DO: It's different for every entity. Some entities want to make bolt-on acquisitions and acquire assets where they are already operating that would provide additional low-risk development upside. For example, when Concho Resources Inc. (CXO:NYSE) bought Three Rivers Operating Co. last year for $1B in cash, Three Rivers had a lot of acreage very close to where Concho was already operating in the Midland and Delaware basins. From Concho's standpoint, it made a lot of sense to acquire those assets as a strategic bolt-on. When domestic E&P companies are looking to expand their footprint, those bolt-on opportunities are extremely attractive. However, juxtaposed to that is the acquisition Rosetta Resources Inc. (ROSE:NASDAQ) recently made. The company wanted to expand beyond its Eagle Ford acreage and establish another core area in the Permian Basin, so it acquired Comstock Resources Inc. (CRK:NYSE) assets in that area.

TER: Saratoga Resources Inc. (SARA:NYSE.MKT) has a joint venture with McMoRan Exploration Co. (MMR:NYSE); does that partnership make it a possible acquisition target?

DO: At current trading levels, I think a lot of companies could be looking at Saratoga. The company is trading well below its proved value and carries a lot of upside. Saratoga has a plan to develop some of its lower-risk proven undeveloped reserves this year, and there's a big opportunity there.

TER: What advice would you have for investors concerned about weathering volatility?

DO: In the oil and gas space, stock performance is always going to be highly correlated to commodity prices. As such, investors will always be subject to the whims of commodity prices. But when it comes to evaluating an individual company, we look at the worth of its current asset base. What has the management team done in the past and has it executed according to plan? How much additional running room does the company have? Our research strategy or thesis is to follow undervalued micro- and small-cap companies until they get taken out by an industry player, or we follow them through their growth cycles until they become mid-cap players that are able to execute their plans and continue to grow with fiscal discipline. We tend to stay away from companies with really complicated balance sheets and "exotic" financing products in their capital structures.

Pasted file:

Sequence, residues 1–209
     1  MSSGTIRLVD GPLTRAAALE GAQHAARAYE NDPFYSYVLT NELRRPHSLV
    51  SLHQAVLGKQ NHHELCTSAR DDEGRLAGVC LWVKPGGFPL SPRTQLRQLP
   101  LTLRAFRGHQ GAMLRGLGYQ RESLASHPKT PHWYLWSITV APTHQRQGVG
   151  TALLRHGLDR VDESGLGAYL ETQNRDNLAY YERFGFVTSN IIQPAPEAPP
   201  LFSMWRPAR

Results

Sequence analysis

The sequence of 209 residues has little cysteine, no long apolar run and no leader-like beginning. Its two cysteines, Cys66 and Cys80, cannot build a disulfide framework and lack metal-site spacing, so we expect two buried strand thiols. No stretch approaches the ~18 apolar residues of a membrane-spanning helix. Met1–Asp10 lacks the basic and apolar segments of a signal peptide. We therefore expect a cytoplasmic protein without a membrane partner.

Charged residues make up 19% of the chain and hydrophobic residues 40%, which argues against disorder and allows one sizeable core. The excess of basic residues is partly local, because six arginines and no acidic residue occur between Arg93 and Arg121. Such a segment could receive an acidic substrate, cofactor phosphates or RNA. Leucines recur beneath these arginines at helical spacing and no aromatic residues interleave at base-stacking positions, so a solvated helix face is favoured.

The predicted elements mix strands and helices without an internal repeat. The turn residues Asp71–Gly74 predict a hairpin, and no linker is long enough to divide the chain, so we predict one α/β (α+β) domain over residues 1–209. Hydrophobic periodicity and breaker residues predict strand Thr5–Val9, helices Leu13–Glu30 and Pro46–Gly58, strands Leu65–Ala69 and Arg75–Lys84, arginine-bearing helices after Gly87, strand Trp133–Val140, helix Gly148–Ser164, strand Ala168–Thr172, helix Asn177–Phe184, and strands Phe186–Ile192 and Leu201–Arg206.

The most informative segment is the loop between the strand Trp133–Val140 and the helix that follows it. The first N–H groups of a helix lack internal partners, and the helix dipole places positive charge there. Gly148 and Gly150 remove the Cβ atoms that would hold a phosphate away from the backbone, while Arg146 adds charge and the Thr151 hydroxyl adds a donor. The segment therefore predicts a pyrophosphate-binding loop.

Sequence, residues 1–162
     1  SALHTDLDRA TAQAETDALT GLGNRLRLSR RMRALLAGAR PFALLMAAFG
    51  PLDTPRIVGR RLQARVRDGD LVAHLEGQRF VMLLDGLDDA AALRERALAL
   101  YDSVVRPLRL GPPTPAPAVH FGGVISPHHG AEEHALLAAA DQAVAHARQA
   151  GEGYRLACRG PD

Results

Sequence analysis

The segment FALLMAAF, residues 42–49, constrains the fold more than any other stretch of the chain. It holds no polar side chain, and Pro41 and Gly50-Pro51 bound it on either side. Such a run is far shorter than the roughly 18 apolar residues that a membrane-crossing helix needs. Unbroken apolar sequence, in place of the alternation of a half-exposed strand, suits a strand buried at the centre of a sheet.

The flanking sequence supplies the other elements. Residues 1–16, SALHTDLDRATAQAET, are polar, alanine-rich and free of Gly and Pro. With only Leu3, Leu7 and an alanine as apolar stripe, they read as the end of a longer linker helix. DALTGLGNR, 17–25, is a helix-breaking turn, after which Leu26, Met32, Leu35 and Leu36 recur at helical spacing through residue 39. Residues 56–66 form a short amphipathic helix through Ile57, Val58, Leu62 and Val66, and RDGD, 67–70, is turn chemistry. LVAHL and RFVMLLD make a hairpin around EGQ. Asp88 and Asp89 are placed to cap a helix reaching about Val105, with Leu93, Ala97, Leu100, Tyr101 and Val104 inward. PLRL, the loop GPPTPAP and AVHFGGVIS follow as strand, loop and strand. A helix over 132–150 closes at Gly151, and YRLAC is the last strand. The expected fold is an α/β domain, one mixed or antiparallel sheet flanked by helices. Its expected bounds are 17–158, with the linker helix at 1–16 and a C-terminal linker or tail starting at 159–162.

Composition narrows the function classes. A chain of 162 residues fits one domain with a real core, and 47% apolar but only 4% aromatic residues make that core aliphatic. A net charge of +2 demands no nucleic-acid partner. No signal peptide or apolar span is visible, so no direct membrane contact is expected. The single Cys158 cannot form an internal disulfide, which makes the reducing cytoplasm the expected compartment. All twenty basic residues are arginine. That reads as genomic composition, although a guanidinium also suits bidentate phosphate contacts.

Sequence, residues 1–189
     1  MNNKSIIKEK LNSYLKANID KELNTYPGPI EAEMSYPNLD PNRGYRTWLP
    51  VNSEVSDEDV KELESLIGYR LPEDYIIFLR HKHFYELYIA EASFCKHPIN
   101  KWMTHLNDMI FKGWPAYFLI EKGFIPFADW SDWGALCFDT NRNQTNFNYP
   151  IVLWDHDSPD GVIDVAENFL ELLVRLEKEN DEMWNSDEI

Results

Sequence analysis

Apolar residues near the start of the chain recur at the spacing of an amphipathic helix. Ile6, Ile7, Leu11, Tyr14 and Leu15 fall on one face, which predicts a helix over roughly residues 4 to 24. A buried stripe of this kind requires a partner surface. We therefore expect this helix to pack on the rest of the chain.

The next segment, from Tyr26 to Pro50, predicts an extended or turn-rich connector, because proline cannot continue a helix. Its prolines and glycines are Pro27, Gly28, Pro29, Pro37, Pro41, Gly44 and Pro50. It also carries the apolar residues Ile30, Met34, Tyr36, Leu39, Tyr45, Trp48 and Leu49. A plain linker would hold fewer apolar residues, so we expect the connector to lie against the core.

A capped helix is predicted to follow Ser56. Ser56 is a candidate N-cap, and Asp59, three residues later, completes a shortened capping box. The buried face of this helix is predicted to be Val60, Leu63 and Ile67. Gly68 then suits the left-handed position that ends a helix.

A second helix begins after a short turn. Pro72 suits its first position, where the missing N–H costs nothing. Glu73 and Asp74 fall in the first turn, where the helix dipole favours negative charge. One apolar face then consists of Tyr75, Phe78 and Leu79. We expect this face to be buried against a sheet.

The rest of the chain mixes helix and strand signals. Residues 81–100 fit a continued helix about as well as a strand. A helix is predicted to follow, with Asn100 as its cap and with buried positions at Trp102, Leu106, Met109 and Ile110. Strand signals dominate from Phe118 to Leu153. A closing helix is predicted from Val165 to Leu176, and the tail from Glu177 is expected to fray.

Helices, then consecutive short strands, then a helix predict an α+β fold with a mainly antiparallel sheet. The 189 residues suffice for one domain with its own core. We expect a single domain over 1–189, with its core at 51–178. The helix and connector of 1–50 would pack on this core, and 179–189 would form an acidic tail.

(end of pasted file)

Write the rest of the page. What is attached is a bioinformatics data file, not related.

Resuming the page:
TER: Magellan Petroleum Corp. (MPET:NYSE) stock price is in the $1 range right now. Has that changed significantly? You have recommended it as Buy.

DO: The company has some producing Poplar field assets in Montana and some producing Australian natural gas assets, as well as large exploratory acreage positions in offshore Australia and onshore in the U.K. There could be a lot of upside potential to those Australian and U.K. assets, but capturing additional value would require exploratory success. But Magellan has a lot of optionality too—it can sell some of its international assets and take some profit off the table. The exciting catalyst for Magellan is the opportunity to test its CO2-Enhanced Recovery project in the Poplar field's Charles formation. If that proves successful, Magellan should be headed for a lot of growth.

TER: Your buy target for Approach Resources Inc. (AREX:NASDAQ) is $43, but over the long term the stock has seldom exceeded $35. Is $43 realistic?

DO: There's definitely a lot of running room associated with Approach Resources. Approach Resources has almost 150,000 (150K) net acres in the Permian Basin. The company has evolved from a tight gas sands producer to a horizontal Wolfcamp player. It started developing Wolfcamp in 2010/2011 and it has 2K unbooked potential well locations as it develops the A, B and C benches of the Wolfcamp.